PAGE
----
Spinal muscular atrophy (SMA) is a common, frequently fatal, neuromuscular disorder caused by mutations in the Survival of Motor Neuron 1 (SMN1) gene and, consequently, a paucity of the SMN protein. In humans, an almost identical copy gene, SMN2, is unable to fully compensate for loss of SMN1 owing to a splicing defect and thus an inability to express sufficient protein to stave off disease. In the two decades that we have researched SMA much progress has been made, from the identification of the disease gene and the description of its protein to the generation of pre-clinical models and, most recently, the approval of Spinraza, a promising drug that raises SMN levels and thus thwarts the inevitable paralysis and frequent death associated with SMA. While Spinraza, in particular, raises considerable optimism for SMA patients, significant challenges remain and, in our minds, stem from two crucial deficiencies. First, despite the milestones achieved, how low SMN protein evolves into the SMA phenotype, selectively triggering motor neuron death and preferentially disabling the neuromuscular system remains a singular mystery. This is especially perplexing considering SMN's most widely-cited function of orchestrating the splicing cascade. Identifying mediators that provide a logical explanation for why splicing defects cause SMA or, uncovering additional, more disease-relevant SMN functions is therefore not only mechanistically but also therapeutically relevant. Second, while it is clear that administering Spinraza provides immediate benefit to patients, it is premature to make a determination of the long-term outcome of such treatment; the drug is selectively delivered to the CNS, raising questions about the effects of chronic low SMN in the periphery. Besides, the strategy of raising SMN appears inadequate in the symptomatic patient. Here we describe 3 related sets of experiments that address the deficiencies identified above.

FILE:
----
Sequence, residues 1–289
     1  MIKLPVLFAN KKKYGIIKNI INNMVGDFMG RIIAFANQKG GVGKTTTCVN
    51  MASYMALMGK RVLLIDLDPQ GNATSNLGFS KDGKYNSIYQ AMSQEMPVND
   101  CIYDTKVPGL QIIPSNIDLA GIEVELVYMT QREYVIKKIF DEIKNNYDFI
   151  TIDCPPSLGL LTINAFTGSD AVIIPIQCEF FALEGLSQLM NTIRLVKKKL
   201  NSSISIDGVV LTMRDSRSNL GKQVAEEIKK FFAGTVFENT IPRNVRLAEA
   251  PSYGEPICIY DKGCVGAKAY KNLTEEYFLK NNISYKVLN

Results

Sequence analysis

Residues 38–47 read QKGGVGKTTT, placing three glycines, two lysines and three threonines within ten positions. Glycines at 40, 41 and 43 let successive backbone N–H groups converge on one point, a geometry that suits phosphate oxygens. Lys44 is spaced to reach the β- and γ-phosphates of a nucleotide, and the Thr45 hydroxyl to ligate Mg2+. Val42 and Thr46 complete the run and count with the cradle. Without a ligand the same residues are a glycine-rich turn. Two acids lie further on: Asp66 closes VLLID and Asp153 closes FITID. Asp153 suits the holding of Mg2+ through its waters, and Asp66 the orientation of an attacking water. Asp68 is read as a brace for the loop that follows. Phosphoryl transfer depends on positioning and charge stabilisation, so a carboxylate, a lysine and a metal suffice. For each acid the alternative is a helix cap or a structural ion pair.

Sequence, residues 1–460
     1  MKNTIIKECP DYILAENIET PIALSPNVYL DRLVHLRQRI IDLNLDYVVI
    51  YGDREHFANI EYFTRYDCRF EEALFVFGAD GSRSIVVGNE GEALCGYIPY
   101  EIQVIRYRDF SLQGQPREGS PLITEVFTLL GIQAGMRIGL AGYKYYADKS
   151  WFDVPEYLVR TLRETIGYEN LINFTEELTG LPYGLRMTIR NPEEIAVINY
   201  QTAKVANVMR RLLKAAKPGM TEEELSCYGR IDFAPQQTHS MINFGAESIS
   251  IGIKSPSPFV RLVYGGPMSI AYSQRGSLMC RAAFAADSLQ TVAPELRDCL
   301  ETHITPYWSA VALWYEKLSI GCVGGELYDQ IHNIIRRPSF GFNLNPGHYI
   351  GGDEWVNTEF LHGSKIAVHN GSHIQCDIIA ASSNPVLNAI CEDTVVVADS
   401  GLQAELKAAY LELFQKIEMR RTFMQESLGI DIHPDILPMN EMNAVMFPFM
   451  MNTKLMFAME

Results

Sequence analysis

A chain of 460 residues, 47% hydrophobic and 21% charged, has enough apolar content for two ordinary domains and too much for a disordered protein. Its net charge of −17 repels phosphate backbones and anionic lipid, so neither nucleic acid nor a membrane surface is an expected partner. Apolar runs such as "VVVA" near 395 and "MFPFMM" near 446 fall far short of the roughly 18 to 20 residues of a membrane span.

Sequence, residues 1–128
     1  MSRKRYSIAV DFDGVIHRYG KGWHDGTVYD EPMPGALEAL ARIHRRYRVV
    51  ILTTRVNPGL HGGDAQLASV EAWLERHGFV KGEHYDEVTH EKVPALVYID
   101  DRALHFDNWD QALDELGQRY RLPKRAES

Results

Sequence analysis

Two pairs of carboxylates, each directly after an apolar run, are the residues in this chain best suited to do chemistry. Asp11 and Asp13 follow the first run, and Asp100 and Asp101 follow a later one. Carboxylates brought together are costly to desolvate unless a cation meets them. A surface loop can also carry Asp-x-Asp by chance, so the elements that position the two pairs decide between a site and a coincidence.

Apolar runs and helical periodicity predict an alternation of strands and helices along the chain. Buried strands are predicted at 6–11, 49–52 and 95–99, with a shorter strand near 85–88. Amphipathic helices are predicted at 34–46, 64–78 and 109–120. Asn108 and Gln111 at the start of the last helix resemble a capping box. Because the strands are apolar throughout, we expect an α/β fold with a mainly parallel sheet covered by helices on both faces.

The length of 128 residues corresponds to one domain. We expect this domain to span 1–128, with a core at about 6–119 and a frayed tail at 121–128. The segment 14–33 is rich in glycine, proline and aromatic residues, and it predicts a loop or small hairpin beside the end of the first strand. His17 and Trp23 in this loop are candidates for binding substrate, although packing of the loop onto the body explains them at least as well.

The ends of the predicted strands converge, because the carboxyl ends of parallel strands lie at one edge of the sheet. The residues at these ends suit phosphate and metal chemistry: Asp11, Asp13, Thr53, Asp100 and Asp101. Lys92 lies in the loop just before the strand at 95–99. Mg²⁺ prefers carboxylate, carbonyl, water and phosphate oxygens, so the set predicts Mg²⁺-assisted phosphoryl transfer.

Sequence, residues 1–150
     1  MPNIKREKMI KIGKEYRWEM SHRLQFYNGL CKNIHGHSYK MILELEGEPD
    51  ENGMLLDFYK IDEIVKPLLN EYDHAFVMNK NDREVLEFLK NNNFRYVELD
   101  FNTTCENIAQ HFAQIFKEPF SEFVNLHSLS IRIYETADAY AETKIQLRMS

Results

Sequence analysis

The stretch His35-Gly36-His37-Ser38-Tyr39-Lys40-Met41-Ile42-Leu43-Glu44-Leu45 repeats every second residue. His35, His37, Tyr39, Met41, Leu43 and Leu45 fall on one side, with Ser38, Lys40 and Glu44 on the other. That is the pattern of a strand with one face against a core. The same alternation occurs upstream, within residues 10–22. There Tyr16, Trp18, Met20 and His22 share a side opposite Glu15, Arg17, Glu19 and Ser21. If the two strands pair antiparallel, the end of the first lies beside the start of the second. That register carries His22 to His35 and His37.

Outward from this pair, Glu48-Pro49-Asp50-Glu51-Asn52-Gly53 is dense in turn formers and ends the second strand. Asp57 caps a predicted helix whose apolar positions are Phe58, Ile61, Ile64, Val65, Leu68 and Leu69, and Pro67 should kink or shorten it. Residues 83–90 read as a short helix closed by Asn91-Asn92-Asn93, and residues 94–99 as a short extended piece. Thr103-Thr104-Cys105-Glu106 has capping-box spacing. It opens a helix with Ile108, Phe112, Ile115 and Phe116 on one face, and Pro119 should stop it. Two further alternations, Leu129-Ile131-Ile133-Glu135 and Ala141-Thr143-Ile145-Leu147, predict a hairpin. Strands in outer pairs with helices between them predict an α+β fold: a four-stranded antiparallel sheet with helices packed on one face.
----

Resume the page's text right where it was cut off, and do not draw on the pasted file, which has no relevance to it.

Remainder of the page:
Aim 1 proposes to define disease-relevant mechanisms by exploiting a novel line of SMA mice in which early mortality, motor neuron loss and a severe phenotype are replaced by prolonged survival, intact motor neurons and a decidedly mild phenotype. We hypothesize that a spontaneous mutation in a chaperone protein that the mice express suppresses the SMA phenotype. We will confirm and extend this finding to determine how the chaperone modulates the effects of low SMN.
In aim 2, we will examine the potential long- term adverse effects of persistently low levels of SMN in muscles of model mice expressing normal protein in the CNS. Such rodents represent a pre-clinical model of SMA patients administered Spinraza. We propose that chronic low SMN in skeletal muscle has a profoundly negative impact on the health of the tissue and contributes to the overall SMA phenotype.
In aim 3, we will determine if the disease-causing effects of low SMN in muscle can nevertheless be mitigated upon restoring protein post-symptomatically. Reversing such defects will inform the manner in which current treatments may have to be modified to prove more potent. Our study thus addresses important mechanistic as well as clinical aspects of SMA.
Spinal muscular atrophy (SMA) is a frequently fatal motor neuron disorder caused by low SMN protein, and although raising SMN levels appears to benefit patients, very little is known about how the protein protects the motor neurons or if restricted delivery of currently available SMA drugs to these cells suffices as a cure. Here we wish to investigate these vitally important questions. Our research will result in a better understanding of the biology of SMA and is thus expected to inform newer treatments for this and similar motor neuron disorders.